The Other I

November 30, 2010

What makes numbers selfish?

Filed under: Intriguing Science — theotheri @ 4:38 pm
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In an earlier post, I wondered if genes could legitimately be called “selfish” in their drive for survival.  In a following comment, Chris Lawrence suggested that Dawkins, who is the considerably accomplished evolutionist who coined the term in the title of his book The Selfish Gene, was referring to a pattern of numbers, not a moral quality. Product Details

My first thought was that this was a fair comment.  But my second thought is to wonder what makes a pattern of numbers resemble selfishness as opposed to unselfishness?  or any other characteristic which is usually used to describe ethical behaviour?  I don’t think there is one.

We don’t call atoms “selfish” when they combine with other atoms to form molecules.  We don’t call water “selfish” when it crawls into the tiniest conceivable space and lodges there.   We don’t call the universe “selfish” as it expands to encompass trillions of light years of space.  Living things, though, get to be called selfish, even by those who do not believe that invading dandelions or marauding locusts are free to choose.

No, I’m going back to my original hypothesis:  I think the use of the word “selfish” to describe the survival instinct reflected in genetic transmission is a deep-seated but unrecognized hangover from world views that taught that when things go wrong, they are somehow our fault.  Even today, preachers have claimed that recent  tsunamis and volcanoes are the result of human sinfulness.

The advantage of this teaching, of course, is that it suggests that we have some control over what happens to us.  If we would just stop sinning, we could begin to re-establish the order of the Garden of Eden.  Science also suggests that we can have some control over what happens to us, but its recommendations are quite different from typical religious admonishment.  (I do know that if I were in an earthquake, I would greatly prefer to be in a building constructed to withstand the tremors than standing next to a holy man whose virtue is unquestioned.)

But along with dismissing any human guilt for natural happenings, I’m also questioning the assumption that the drive for survival is blindly selfish.  If one wants to ascribe any moral characteristics to it at all, why not say it is unselfish?  It is trying to preserve life, even at the cost of passing it on to a younger, fitter offspring.  I can hardly fault a lion for not passing on genes to preserve a species of spiders, or a fish for failing to pass on genes for the increase of tomato plants.  Genes are not essentially destructive mechanisms, but creative ones but they are not free to pass on just any characteristic they please.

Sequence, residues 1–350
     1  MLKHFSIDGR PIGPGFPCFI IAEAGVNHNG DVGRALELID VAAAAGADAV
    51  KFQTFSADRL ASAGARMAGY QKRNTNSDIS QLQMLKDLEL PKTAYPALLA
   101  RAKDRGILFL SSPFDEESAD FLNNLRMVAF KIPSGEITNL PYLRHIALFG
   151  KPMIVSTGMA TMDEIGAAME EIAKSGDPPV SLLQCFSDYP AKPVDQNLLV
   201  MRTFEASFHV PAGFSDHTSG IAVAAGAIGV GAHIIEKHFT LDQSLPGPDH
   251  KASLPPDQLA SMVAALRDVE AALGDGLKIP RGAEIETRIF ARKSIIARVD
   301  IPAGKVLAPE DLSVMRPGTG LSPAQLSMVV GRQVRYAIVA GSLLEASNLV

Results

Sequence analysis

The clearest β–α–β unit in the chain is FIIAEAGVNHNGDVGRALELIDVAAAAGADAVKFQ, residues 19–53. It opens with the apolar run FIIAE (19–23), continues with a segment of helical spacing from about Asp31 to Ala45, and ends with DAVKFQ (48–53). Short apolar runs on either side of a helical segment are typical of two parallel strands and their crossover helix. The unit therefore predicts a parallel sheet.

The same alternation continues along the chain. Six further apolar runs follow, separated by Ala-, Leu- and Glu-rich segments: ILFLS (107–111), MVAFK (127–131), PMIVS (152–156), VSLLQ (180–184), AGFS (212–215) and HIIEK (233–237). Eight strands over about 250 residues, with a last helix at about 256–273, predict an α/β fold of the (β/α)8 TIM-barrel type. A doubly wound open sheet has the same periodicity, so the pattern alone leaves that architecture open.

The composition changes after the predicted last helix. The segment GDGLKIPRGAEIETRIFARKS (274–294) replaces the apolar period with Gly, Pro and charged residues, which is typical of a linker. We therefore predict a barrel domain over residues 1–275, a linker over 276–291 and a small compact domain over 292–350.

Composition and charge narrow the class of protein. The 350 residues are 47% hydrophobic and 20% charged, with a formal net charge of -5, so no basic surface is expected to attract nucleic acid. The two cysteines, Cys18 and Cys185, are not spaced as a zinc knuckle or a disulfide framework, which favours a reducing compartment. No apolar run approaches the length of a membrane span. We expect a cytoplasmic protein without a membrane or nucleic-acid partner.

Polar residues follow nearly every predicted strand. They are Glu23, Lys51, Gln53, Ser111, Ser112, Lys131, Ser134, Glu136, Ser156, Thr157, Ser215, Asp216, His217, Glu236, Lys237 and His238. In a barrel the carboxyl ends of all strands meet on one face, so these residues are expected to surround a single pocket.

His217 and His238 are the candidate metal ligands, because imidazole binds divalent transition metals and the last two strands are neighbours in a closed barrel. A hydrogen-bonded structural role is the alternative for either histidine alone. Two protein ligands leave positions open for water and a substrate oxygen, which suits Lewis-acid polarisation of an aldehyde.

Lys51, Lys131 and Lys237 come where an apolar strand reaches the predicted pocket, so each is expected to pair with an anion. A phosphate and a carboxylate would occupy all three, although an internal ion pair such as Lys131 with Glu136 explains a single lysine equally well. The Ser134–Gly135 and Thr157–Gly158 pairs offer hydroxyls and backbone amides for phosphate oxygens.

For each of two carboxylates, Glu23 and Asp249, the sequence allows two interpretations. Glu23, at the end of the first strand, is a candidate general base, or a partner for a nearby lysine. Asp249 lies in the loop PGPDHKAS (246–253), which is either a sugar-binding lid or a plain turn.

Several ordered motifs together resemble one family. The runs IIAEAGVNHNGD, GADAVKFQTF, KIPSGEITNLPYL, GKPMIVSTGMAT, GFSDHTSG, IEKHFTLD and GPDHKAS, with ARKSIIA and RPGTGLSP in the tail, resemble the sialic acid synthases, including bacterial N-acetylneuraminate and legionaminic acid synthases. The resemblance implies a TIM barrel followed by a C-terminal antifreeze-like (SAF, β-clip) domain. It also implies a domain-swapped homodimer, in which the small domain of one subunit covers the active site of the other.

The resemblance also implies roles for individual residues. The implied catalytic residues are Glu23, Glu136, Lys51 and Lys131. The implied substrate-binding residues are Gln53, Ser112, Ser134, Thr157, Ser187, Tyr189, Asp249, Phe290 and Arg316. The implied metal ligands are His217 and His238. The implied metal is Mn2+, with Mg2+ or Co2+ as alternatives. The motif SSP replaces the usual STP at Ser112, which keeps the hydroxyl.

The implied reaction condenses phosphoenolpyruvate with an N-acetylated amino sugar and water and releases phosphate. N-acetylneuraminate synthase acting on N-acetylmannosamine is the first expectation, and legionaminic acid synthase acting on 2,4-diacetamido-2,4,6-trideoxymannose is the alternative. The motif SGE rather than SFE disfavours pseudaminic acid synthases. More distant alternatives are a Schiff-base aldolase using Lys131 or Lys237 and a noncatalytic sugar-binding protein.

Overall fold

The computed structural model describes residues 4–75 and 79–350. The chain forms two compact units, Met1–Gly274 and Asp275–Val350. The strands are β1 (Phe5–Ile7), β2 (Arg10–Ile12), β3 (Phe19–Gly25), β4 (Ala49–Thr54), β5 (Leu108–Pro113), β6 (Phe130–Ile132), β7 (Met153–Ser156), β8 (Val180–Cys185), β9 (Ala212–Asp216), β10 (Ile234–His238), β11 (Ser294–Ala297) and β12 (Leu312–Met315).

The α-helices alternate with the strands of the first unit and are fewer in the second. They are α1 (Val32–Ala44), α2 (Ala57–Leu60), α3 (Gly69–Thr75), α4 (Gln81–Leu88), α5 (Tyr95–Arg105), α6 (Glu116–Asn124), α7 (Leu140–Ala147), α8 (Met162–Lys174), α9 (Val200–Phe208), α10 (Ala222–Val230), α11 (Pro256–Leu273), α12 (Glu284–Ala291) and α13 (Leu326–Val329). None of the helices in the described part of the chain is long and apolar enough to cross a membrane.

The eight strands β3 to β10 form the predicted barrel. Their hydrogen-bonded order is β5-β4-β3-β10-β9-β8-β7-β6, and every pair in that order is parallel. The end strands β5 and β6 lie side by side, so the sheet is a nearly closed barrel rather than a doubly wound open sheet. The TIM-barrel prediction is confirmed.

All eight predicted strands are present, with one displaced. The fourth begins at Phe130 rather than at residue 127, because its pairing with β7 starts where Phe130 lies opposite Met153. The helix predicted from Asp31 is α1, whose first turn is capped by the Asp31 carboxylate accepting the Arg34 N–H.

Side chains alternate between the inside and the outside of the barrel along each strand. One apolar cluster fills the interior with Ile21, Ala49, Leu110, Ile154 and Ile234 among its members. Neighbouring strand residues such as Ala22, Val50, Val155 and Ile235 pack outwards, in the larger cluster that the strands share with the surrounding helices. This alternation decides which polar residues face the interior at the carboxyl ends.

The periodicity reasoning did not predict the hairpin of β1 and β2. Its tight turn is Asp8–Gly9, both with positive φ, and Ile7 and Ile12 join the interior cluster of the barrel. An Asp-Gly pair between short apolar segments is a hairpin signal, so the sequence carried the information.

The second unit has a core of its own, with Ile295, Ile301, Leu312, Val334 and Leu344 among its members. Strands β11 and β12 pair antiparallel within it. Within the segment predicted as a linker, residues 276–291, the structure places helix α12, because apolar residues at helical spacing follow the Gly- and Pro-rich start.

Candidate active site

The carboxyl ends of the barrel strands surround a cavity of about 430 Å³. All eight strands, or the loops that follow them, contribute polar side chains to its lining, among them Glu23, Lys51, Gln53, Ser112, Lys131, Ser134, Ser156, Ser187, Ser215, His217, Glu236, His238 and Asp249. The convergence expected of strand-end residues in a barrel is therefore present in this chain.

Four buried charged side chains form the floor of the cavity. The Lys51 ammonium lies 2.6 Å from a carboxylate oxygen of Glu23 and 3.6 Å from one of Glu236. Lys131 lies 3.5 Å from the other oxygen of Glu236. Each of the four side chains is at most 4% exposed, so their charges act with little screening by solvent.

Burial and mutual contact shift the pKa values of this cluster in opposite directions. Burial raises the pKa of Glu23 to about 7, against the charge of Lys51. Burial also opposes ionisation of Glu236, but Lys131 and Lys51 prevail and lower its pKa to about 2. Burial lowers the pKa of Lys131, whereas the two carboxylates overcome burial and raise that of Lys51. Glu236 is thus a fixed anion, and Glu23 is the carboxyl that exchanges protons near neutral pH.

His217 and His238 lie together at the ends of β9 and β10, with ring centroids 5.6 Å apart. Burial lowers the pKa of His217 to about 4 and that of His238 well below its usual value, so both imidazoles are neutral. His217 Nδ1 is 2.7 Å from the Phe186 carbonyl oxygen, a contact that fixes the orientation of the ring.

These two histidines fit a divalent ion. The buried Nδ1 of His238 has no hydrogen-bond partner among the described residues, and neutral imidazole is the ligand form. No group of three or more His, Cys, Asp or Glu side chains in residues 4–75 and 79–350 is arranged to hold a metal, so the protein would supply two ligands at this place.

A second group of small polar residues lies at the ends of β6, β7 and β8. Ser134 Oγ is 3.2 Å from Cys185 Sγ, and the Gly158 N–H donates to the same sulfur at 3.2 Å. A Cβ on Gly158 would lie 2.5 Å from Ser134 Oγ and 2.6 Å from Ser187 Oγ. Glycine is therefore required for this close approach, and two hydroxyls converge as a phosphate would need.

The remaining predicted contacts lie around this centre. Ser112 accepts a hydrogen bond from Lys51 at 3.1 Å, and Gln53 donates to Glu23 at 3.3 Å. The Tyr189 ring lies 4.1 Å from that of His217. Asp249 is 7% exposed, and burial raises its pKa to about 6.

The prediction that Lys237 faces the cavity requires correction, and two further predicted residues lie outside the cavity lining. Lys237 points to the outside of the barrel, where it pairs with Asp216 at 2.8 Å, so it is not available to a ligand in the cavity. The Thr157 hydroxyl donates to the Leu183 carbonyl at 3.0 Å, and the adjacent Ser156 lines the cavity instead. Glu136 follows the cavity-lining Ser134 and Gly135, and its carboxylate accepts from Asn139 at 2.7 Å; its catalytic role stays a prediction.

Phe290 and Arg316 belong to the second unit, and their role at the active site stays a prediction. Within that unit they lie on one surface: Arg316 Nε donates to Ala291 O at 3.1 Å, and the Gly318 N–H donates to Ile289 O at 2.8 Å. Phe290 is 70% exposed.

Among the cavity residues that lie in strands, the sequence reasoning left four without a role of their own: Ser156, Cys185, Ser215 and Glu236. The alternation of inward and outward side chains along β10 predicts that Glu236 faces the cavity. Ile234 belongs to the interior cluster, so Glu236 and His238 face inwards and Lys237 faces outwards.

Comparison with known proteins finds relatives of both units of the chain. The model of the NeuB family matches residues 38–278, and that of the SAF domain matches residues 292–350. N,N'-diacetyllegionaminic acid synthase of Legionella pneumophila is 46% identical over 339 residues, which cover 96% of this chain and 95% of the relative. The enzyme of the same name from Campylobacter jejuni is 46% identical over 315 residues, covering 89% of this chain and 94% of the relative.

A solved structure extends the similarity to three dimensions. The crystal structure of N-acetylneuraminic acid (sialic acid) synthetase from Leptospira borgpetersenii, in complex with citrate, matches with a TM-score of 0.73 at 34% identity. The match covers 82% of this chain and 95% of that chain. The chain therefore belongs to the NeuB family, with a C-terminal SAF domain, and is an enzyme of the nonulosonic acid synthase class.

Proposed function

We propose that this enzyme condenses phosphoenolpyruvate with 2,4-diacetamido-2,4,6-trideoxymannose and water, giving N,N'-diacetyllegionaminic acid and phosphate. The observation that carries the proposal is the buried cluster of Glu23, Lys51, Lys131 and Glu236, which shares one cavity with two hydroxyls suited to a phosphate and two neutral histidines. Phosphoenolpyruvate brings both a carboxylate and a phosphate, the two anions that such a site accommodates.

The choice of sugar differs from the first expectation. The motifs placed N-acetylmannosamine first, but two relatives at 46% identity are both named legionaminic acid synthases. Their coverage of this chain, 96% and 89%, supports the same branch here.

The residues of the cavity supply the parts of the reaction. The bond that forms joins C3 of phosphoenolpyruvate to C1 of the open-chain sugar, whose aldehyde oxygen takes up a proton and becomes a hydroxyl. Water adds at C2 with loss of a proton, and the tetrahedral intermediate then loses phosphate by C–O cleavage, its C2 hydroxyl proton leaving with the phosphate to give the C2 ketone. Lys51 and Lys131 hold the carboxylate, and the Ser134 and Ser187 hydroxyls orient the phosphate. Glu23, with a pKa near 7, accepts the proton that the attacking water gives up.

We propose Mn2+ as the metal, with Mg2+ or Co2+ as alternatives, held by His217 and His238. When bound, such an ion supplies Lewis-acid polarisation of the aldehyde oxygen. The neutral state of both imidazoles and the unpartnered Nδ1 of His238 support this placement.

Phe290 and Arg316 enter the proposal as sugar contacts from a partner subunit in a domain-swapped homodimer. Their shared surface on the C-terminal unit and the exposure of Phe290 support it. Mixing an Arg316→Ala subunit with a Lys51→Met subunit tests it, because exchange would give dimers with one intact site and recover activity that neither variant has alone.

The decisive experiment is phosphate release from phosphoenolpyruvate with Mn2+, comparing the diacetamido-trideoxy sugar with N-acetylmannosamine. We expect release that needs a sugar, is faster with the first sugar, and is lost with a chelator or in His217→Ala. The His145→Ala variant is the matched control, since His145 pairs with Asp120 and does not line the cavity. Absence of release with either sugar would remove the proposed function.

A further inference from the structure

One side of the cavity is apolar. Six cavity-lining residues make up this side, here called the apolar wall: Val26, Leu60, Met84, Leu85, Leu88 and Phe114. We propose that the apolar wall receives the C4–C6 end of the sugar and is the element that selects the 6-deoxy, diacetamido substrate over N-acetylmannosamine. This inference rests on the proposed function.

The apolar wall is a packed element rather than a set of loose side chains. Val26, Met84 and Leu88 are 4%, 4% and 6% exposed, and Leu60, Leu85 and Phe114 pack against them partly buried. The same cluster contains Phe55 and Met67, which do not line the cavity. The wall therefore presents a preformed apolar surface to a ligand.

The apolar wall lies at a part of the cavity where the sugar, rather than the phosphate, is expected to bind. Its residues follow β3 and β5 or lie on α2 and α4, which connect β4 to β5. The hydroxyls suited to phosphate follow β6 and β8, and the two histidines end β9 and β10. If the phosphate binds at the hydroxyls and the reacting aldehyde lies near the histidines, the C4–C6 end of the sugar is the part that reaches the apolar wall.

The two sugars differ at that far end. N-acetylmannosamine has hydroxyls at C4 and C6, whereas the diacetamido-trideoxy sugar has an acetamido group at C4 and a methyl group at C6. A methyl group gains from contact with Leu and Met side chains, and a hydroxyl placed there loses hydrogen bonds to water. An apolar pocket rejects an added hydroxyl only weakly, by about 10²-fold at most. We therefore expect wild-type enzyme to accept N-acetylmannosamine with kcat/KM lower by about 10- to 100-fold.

So, no, I still disagree that genes can legitimately be called “selfish.”  Not that they can essentially be called “unselfish” in the moral sense either.

But it does seem to me that the results of evolution are overwhelmingly plentiful.  Yes, disordered and chaotic too.  But absolutely marvellous.

Seriously – why does Dawkins called them selfish?

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7 Comments »

  1. What an excellent point! It makes no good sense to call it a selfish gene at all! Oh is that who I am, a bag of selfishness?

    Perhaps selfish is the descriptive word from a viewpoint not inclined to see goodness.

    I do want to describe myself, and others, in a more productive way. I would say that it’s in our very genes to choose that which brings fulfillment.

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    Comment by jooliedee — November 30, 2010 @ 5:48 pm | Reply

    • Thank you so much for your elaboration of my point. You and I are on the same wave length, but as you can see from Chris’s comment following yours, he’s not uncomfortable with the term. So I’m planning on making they next post a defense of the “we aren’t necessarily selfish” proposition. It will be interesting to see if you and I are still in agreement at the end of it. I suspect we will be.

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      Comment by theotheri — November 30, 2010 @ 9:53 pm | Reply

  2. Imagine genes as little entities, machines almost, which do 4 things:

    1 Replicate, ie create identical copies of themselves.

    2 Have a specific, repeatable effect on their environment – eg always attracting the same set of amino acids so that they combine to form the same protein.

    3 Vary randomly.

    4 Act together with other genes (not intentionally!) such that sometimes at least they do 1 &/or 2 &/or 3 in combination with other genes.

    Lineages of entities like this will behave ‘selfishly’, in the sense that those which behave so as to maximise the numbers of copies of themselves which themselves survive to replicate, will maximise the numbers of copies of themselves which themselves survive to replicate. I would say that to grasp the concept of the ‘selfish gene’ is to grasp the sense in which previous sentence is not quite a tautology.

    That is what I think ‘selfish’ means, in the phrase ‘selfish gene’. The gene is not selfish in an ethical sense. But if a person behaved the way a gene did, we would probably call that person selfish.